Archive for October, 2015

Review: Tokyo Tribe (2015)

Posted in Sion Sono, Uncategorized with tags , , , on October 23, 2015 by Michael S. Moore


Starring Young Dias, Ryohei Suzuki, Nana Seino, Akihiro Kitamura, Tomoko Karina, Rikki Takeuchi,

Fight Choreography by Toshiro Takuma

Directed by Sion Sono

The moment I heard that director Sion  Sono had created a Japanese Yakuza-swordplay-martial arts…wait for it…hip hop musical I laughed out loud, but after further thinking it became my most anticipated film of 2015. Suffice to say now that I’ve seen it, my year has been made.

Tokyo Tribe starts in the future, where earthquakes have devastated Japan, and Tokyo has been broken up and taken over by a colorful assortment of gangs (you gotta see how they visualize this). After grandma drops the sick beat (yeah, I said that) we meet the best of the gangs, a peaceful group called Mushashino, a group that looks like the 80’s never left (in the best ways possible) led by the always calm Tera and his right hand man Kai (Dias). The entire film takes place over the course of one blood soaked night, when the leader of the worst of the gangs, Merra, decides to destroy Mushashino to exact his revenge on Kai (the reason why is left for the end of the film) but to do so means destroying every gang, and Merra tries to do so, but things get complicated when Erika (, the virgin daughter of the High Priest (who is unlike any high priest ever seen) has gone missing, and is purported to be in one of the gang districts. Toss in human furniture, a finger chopping insane mob boss who gets himself off often in front of…anyone, rapping grandmas, tanks, a black dude with superhuman strength, and a giant gangwar finale complete with a DJ spinning in the middle of the fighting, and you haven’t scratched the surface of the insanity…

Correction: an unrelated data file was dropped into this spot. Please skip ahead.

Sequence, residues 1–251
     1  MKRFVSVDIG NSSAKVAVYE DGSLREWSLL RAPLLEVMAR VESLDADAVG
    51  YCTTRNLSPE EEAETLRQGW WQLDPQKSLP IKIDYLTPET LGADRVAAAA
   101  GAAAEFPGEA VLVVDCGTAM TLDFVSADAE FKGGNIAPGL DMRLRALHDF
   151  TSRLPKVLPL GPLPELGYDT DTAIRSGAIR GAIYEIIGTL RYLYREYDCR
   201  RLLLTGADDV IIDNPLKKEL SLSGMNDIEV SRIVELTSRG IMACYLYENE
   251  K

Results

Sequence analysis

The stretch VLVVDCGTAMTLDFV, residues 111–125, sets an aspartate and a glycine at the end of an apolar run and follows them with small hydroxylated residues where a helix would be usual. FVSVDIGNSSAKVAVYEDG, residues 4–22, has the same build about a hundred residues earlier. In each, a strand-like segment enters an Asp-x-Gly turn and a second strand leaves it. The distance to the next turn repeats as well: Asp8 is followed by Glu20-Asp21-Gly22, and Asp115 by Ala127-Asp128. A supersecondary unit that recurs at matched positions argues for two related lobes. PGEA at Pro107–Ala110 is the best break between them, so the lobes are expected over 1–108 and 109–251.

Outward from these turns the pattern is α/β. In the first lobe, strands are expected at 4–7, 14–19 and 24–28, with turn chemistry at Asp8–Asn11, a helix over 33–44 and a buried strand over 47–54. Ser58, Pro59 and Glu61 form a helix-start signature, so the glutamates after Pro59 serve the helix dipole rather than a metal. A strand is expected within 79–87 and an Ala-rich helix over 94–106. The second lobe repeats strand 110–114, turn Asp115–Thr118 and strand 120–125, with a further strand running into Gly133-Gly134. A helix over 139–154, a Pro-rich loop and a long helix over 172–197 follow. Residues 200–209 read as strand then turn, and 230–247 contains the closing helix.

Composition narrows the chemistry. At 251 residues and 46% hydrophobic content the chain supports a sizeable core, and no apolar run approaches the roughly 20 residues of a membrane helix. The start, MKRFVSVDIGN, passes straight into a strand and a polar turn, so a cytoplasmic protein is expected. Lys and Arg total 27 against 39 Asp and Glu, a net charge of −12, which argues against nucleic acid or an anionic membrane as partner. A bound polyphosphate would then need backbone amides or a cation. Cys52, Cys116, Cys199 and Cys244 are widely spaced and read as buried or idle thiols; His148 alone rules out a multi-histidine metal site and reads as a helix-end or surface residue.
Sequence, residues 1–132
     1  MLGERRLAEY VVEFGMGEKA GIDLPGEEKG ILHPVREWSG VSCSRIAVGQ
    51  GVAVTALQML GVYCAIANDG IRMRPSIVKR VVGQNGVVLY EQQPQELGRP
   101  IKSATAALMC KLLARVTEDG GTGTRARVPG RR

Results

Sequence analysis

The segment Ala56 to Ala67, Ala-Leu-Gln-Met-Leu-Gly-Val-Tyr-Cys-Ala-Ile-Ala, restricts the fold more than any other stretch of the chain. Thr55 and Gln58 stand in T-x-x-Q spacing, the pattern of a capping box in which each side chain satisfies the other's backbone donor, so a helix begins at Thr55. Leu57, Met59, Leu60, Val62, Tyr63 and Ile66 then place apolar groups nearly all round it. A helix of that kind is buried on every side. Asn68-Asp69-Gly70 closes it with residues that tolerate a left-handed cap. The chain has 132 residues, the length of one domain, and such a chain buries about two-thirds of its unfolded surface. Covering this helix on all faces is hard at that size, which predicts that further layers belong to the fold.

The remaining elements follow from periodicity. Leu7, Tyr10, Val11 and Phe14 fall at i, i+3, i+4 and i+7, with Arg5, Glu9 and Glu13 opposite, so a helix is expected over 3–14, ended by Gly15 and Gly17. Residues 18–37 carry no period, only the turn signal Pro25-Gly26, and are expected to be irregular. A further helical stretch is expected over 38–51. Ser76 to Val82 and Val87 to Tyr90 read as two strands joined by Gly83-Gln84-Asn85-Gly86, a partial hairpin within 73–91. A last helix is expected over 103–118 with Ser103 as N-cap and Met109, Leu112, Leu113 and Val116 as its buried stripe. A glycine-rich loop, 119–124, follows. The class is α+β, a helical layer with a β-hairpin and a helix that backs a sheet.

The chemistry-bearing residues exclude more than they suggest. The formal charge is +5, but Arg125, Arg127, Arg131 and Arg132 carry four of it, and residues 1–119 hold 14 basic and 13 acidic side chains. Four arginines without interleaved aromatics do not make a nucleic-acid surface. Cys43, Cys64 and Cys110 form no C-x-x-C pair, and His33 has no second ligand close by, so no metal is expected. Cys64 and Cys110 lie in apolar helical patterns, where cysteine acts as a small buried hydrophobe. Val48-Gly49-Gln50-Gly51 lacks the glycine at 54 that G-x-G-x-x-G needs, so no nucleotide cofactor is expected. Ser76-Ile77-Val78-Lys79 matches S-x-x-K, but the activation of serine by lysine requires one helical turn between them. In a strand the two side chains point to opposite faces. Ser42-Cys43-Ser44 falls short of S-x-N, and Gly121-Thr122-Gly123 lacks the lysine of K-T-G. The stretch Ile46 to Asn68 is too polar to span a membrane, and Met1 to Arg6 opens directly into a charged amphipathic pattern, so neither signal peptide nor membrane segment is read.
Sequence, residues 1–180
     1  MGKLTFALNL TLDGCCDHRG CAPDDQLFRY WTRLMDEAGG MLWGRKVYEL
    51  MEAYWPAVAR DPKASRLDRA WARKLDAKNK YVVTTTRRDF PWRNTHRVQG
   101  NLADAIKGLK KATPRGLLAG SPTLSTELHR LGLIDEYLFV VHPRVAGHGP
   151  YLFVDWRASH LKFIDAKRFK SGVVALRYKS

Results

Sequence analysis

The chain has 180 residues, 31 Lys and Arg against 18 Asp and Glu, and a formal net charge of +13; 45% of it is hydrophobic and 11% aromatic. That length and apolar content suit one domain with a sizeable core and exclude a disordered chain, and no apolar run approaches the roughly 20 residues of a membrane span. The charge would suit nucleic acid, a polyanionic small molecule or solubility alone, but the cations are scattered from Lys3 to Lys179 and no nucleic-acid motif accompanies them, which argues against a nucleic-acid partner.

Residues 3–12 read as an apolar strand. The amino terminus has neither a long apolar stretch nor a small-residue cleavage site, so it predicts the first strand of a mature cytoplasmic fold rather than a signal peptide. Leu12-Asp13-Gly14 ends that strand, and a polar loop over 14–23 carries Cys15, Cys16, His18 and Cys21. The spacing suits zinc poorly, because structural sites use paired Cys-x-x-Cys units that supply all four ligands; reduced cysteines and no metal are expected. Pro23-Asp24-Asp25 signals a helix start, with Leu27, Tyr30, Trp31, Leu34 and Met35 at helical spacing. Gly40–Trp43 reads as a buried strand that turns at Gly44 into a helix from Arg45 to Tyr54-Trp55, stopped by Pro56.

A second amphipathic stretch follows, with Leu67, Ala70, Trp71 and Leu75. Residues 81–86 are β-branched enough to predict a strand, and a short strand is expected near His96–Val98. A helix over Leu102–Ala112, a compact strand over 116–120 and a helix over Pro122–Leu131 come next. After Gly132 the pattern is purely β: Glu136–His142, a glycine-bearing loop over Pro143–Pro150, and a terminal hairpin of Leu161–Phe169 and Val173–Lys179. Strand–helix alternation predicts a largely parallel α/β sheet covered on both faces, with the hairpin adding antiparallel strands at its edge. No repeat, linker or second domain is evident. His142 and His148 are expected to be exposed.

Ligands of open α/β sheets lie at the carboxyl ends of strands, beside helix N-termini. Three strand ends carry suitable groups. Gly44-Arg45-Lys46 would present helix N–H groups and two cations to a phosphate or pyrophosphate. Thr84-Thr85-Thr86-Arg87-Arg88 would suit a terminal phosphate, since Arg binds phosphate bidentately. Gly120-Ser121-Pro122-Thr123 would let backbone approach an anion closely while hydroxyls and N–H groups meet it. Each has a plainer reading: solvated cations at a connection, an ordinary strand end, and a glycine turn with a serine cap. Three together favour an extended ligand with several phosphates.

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I loved this movie. I really loved this movie. It takes chances you will NOT see in American cinema nowadays, and the actors are all game for it. The hip hop songs, which are many, are actually pretty damn good. Special props go to Rikki Takeuchi as Merra’s father Buppa, as insane a Yakuza boss as you’ll ever see, and he chews every moment he’s onscreen. Sion Sono uses every camera trick imaginable to pull off this film, and despite everything he tosses onscreen, it all seems to work. My only real issue is toward the middle of the film, where I think the momentum slows down too much while spending time with Buppa and his crazy family.


The martial arts scenes are okay. Nothing great or fantastic, although the two hitmen sent by the High Priest are pretty awesome. The majority of fighting is done by Nana Seino, and she’s good, but really, the fighting just adds spice to the rap, and in some cases the actor have to act and fight at the same time.

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In the end the film is about belonging to a group that really represents all of us, differences and all. So yeah, amidst all the crazy there’s a cool message there. One of the best films of the year.